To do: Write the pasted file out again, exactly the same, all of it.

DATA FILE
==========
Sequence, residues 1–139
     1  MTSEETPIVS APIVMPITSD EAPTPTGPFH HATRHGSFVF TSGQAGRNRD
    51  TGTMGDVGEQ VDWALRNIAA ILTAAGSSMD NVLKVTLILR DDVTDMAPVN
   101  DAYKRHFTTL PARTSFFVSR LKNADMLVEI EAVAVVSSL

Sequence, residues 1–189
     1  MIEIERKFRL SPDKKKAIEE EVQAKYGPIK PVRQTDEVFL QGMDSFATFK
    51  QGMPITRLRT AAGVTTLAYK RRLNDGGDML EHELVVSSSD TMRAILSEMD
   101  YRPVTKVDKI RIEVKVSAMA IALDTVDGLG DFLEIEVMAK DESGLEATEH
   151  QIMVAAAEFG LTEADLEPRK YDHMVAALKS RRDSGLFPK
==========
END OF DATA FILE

Sequence, residues 1–139
     1  MTSEETPIVS APIVMPITSD EAPTPTGPFH HATRHGSFVF TSGQAGRNRD
    51  TGTMGDVGEQ VDWALRNIAA ILTAAGSSMD NVLKVTLILR DDVTDMAPVN
   101  DAYKRHFTTL PARTSFFVSR LKNADMLVEI EAVAVVSSL

Sequence, residues 1–189
     1  MIEIERKFRL SPDKKKAIEE EVQAKYGPIK PVRQTDEVFL QGMDSFATFK
    51  QGMPITRLRT AAGVTTLAYK RRLNDGGDML EHELVVSSSD TMRAILSEMD
   101  YRPVTKVDKI RIEVKVSAMA IALDTVDGLG DFLEIEVMAK DESGLEATEH
   151  QIMVAAAEFG LTEADLEPRK YDHMVAALKS RRDSGLFPK